Additionally, ‘Image Matching’ controls can be applied, allowing the system to look for only exact matches or also detect close matches. By reducing the percentage match, the system can highlight variants and new adaptations of known good and bad images.
Blacklists used to be the main weapon against spoofed, phishing and malicious web pages. But with the advent of short-life and single-use URLs, blacklists have become far less effective in the detection and blocking of these sites.
The key challenge is the identification of fraudulent and spoofing sites takes time, which can sometimes be longer than the lifespan of the URL! The use of computer vision (Visual-AI) allows critical visual signals to be highlighted, allowing pages to be immediately quarantined if specific logos, text or objects (login pages) are discovered, or the page matches a known good or bad page.
Absolutely not. In fact the term ‘visual phishing detection’, although descriptive of what it is helping to do, is nonetheless inaccurate. Computer Vision provides additional signals, which in specific circumstances can be vital in the detection and blocking of phishing attacks. However, the Visual-AI engine does not make the determination as to what is, or is not, a threat. Instead these signals are fed into the decision engine, along with other signals derived from Signature Analysis and other forms of supervised and unsupervised ML.
As such, computer vision can be thought of as an additional engine that combines a combination of specific features that sit alongside other modules/engines to enhance threat scoring.
Not at all. The entire process, from rendering to visual processing occurs in fractions of seconds and occurs in parallel to traditional programmatic analysis. Users will not be impacted in any way by this additional analysis.
There are many reasons why some computer vision providers are better than others. It would be outside the scope of this answer to list them all, but the key reasons are as follows:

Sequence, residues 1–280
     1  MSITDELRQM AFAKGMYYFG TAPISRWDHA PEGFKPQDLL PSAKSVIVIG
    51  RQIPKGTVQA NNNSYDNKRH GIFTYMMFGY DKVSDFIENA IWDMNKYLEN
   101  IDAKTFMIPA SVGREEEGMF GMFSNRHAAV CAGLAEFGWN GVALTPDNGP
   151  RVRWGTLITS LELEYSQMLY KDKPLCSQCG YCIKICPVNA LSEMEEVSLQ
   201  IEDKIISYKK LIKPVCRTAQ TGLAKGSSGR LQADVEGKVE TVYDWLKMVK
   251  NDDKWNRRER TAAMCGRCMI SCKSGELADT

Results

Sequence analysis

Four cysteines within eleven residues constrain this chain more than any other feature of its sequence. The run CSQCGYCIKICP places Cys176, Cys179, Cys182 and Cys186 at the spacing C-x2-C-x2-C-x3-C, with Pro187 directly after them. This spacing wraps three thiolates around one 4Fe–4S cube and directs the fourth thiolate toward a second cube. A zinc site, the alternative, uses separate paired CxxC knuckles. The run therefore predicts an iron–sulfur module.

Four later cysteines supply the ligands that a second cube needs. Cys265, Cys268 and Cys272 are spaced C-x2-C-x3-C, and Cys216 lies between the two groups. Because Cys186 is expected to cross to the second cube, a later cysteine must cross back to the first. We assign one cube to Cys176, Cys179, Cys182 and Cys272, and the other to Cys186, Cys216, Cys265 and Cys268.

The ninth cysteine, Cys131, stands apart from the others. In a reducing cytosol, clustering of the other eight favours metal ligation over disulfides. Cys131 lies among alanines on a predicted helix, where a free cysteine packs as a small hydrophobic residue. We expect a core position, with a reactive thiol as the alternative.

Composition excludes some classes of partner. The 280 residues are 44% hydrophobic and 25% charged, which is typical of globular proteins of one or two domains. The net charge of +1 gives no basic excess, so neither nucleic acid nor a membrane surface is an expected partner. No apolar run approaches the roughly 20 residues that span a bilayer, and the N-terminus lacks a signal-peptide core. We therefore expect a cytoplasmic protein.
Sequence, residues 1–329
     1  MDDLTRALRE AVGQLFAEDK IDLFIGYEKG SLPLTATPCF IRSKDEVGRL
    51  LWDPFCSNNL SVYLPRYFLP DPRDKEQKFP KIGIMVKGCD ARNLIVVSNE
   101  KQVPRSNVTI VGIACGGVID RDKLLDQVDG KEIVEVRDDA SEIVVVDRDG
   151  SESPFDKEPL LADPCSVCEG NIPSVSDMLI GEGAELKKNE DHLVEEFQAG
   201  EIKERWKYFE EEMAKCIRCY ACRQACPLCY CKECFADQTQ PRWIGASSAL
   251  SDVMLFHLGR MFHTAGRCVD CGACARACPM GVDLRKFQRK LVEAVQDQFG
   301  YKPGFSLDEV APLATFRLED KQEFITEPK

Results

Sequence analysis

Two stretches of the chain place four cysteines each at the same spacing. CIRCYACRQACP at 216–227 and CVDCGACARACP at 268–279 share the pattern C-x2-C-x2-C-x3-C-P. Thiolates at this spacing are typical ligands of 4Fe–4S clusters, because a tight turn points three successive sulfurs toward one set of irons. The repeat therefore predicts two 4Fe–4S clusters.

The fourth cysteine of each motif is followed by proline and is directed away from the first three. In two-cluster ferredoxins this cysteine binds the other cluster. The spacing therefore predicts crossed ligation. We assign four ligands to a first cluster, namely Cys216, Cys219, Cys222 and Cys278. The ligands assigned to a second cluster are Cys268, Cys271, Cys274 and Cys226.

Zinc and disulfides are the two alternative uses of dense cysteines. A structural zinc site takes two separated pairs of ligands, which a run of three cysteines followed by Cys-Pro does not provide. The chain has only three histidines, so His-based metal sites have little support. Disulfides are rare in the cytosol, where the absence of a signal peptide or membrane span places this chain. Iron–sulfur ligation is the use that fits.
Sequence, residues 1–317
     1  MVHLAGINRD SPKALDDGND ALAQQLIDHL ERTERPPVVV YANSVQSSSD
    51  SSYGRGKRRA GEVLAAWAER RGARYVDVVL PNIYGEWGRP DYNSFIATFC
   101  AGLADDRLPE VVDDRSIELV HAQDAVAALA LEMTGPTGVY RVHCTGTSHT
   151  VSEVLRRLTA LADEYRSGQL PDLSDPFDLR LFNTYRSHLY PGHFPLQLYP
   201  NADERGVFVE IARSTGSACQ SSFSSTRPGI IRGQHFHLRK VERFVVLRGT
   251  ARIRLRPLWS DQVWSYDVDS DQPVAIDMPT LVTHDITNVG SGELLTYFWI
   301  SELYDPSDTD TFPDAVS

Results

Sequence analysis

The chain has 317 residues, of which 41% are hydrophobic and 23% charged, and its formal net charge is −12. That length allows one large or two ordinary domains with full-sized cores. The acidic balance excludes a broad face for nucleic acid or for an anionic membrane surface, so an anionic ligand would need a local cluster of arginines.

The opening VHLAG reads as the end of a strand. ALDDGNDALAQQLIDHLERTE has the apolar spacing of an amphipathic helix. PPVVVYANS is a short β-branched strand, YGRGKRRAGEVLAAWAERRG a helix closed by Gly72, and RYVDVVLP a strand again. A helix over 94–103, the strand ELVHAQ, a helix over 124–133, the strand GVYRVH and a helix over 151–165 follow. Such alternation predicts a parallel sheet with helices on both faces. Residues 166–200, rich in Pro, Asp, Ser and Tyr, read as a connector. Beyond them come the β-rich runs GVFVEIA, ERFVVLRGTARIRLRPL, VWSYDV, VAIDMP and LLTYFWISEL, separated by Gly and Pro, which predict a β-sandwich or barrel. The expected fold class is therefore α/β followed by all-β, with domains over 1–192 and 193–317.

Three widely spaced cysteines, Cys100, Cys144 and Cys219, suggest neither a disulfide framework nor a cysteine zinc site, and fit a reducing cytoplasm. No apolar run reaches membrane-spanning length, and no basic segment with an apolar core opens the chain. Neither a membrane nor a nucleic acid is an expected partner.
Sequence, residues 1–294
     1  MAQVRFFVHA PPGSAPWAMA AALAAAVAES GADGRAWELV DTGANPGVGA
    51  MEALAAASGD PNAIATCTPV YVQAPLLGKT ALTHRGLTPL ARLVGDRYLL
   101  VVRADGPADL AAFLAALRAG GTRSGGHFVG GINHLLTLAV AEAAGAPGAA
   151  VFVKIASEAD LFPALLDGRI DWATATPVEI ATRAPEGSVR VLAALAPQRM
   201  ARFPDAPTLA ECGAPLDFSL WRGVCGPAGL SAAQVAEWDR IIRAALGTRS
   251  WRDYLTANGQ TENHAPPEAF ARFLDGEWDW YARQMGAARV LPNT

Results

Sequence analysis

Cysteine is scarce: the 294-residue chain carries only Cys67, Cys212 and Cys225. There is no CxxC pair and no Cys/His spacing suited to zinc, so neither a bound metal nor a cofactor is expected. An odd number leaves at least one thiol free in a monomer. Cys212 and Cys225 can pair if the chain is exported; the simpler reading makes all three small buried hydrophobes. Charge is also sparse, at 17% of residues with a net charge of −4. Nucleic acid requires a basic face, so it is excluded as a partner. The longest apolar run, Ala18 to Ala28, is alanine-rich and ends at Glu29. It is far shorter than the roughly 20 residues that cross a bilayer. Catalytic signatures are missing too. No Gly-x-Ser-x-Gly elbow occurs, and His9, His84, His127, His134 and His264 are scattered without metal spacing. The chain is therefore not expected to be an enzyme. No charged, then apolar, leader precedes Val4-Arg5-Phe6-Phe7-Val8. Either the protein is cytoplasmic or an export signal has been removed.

Yes, you may well be able to build this yourself. But the key question is what are the pros and cons of doing so? You could build a CRM system for your business, but in virtually every case you’ll instead go use Hubspot, Salesforce or similar. Building your own CRM, although technically possible, provides no major advantage to your business.
Similarly, building your own computer vision solution, specifically to detect visual signals for phishing detection, also doesn’t make sense for the following reasons:
Great question. This is another quite unique offering from VISUA. Deployment can be implemented in the cloud, on-premise or even a combination of cloud and on-premise if required.
We like to think that our Visual-AI (computer vision) API is very easy to implement as part of any workflow, in fact, in most cases implementation takes as little as two hours. We have very clear API documentation also. But we are not simply an API provider, so do not hesitate to get in touch with any questions you may have. We also implement a very thorough onboarding process and as a client you will have direct access to our team for any ongoing support questions.
Yes, you can find very clear API documentation for our Logo Detection endpoint, or indeed any of our other technologies. You can find all relevant documentation here.
Absolutely! Unlike other solutions on the market that charge significant fees for support, or force you to reach out to third-party consultants, VISUA is proud to be much more than simply an API provider. You can get in touch with any questions you may have during your research and feasibility stage. We also implement a very thorough onboarding process and as a client you will have direct access to our team for any ongoing support questions.
VISUA is not an API company, like other providers. As such we don’t provide ‘support packages’. Support and guidance, both pre and post implementation is part of our DNA. In other words, if you need help with our tech or have questions, we’re here to provide the answers.
Our comprehensive API makes integrating our technology easy and fast, and our solution can be provided as-a-service or on-premise to maximise speed and security. Unique use cases are also no problem thanks to the flexibility of our technology and team. This is a unique and effective solution to a growing problem and our AI is like no other you’ll have used or seen – so, reach out to discover what Visual-AI can do for you.
Render the web page or email, save it as a flattened image and send it to our engine for processing.
The page is analyzed and high-risk elements or attributes are identified and flagged.
A risk score is calculated and passed, with the identified anomalies, back to the master phishing detection system for final actions.
All this happens in a second or less!
“VISUA is a delight to work with. They approached our use case with technology that worked, a proactive approach to deep-diving all issues, and a willingness to be nimble and adjust to our needs on the fly.”
Seamlessly integrating our API is quick and easy, and if you have questions, there are real people here to help. So start today; complete the contact form and our team will get straight back to you.